Headaches affect children in just the same way they affect adults. There are numerous causes for a headache that can be mild to severe and it’s important to identify when it’s a passing pain or something that needs medical attention. A toddler may not always be able to tell you that her head hurts but you can watch out for the signs.
Signs of a headache in young children include crankiness, rubbing her head, frowning, squinting eyes, feeling miserable and a dislike of bright lights or loud noises. If you think it could be a headache, seek medical advice urgently and particularly if there is vomiting in the morning, your child is unsteady on her feet, has a stiff neck, seems drowsy and is unable to perform tasks she normally does with ease.
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What it could be
What to do
|Dull aching pain likened to a band of tightness around the head. This is called a tension headache.
||It could be the result of a child feeling depressed, anxious or stressed out. Tension headaches could n flare because of some problem bother the child at school or home. It can be linked to poor posture as well.
||Remove the child from the tense situation and help him relax. Ensure your child is getting enough sleep and drinks plenty of water to avoid dehydration. Pain relief medication as recommended by your doctor may be taken. Never give your child aspirin for risk of Reye’s syndrome. Only give your child more than a few pills a week. Too much painkillers can cause rebound headaches when the pills effect subsides.
||A throbbing pain affecting one side of the head is usually a migraine. May be accompanied by mood changes, paleness, fatigue, dizziness, blurred vision, food cravings or loss of appetite, nausea and vomiting, diarrhea, or fever.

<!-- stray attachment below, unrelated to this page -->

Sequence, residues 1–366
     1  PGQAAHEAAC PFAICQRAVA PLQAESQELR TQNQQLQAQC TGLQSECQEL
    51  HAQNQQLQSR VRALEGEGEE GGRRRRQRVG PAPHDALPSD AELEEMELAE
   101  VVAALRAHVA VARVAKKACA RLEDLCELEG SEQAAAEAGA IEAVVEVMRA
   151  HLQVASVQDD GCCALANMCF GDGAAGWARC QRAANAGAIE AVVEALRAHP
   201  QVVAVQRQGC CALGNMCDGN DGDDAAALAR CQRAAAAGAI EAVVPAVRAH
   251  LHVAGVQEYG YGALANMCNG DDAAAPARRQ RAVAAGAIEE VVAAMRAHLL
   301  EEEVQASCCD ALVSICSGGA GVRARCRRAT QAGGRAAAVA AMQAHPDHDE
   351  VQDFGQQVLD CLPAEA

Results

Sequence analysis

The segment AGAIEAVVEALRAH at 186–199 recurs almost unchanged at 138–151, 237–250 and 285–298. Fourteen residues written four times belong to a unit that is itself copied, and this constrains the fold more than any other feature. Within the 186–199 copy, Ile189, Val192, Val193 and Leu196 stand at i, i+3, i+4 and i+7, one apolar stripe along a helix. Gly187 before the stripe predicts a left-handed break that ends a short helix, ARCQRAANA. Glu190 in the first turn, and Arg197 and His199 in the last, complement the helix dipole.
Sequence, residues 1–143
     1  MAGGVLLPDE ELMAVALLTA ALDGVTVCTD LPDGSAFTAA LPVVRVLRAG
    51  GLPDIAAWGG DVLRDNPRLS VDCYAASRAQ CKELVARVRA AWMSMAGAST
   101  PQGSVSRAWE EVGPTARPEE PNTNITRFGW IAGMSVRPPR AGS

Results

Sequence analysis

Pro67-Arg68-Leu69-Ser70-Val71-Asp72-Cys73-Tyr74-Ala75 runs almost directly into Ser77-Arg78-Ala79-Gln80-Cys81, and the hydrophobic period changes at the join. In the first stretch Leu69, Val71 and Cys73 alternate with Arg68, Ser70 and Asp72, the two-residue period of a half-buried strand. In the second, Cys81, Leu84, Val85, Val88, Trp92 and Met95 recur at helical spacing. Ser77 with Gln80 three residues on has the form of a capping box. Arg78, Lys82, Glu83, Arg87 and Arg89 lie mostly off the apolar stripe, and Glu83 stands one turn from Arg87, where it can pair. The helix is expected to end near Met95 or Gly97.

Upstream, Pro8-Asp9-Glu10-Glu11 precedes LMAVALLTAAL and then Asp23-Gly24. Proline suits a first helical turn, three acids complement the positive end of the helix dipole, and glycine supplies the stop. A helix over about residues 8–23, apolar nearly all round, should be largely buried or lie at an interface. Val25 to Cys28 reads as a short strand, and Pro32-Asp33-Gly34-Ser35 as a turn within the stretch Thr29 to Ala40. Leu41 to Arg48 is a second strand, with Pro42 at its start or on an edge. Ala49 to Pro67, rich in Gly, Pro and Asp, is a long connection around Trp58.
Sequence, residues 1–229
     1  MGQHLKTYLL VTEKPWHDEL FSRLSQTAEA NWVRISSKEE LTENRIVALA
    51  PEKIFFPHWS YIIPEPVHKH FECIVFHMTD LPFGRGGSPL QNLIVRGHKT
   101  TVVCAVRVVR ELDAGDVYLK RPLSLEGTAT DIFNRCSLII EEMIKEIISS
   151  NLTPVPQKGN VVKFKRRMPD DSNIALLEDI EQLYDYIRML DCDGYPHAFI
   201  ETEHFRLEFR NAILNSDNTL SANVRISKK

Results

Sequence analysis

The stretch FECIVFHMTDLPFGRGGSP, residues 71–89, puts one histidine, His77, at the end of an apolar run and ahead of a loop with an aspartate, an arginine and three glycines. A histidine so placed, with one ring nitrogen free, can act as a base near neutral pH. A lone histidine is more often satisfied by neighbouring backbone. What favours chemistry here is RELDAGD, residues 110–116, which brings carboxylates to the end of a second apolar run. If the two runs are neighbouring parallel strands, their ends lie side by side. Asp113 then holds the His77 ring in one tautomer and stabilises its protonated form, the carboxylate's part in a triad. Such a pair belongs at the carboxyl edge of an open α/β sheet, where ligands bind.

||Migraines could be triggered by sensitivity to bright lights and noises. It could be stress related or caused by certain foods (including nitrite-preserved foods such as hot dogs and lunch meat), strenuous activity and too much sun. Migraines are hereditary and first affect children between 5 and 8 years old, but can start at any age
||If the headaches are causing blurry vision, seizures or weakness see a doctor for diagnosis. Jot down when and where the headaches take place along with other symptoms your child might have. This may help in understanding what the triggers are to the migraines. Also try soft music or reading for relaxation. A neck and shoulders massage could help as well as applying an ice pack to relieve sore spots.
||Severe headache with high fever, continual vomiting, no appetite, drowsy, light sensitivity and sometimes a rash or stiff neck.
|Headache is often the main complaint of a patient with meningitis. Meningitis is described as the inflammation of the membranes (meninges) that surround the brain and spinal cord.
||If your child lies down and is unable to bend his head toward his chest owing to the intense pain – seek medical treatment immediately.
||Headaches early in the morning that wake your child from sleep, or get progressively severe or frequent.
||Brain tumors are very rare. It is the cause in only 1 of 40 000 headaches in children.
||Seek a doctor urgently to rule out any possibility of a tumor.
||Dull ache in one specific spot of the head or face i.e. behind the eyes is called a sinus headache. Also fever, tiredness, blocked nose, yellow/green discharge from the nose and sore throat. Babies will touch their ears or head indicating pain.
||Sinusitis can be caused by a flu, cold or allergy. It’s when the sinuses (air-filled cavities around the nose, eyes, and cheeks) become inflamed and prevent the proper draining of mucus causing the sinuses to block up and bacteria to build up.
||See your doctor for suitable medications to relieve the problem. Antibiotics maybe prescribed to stave off the infection as well as a decongestant to ease a blocked nose.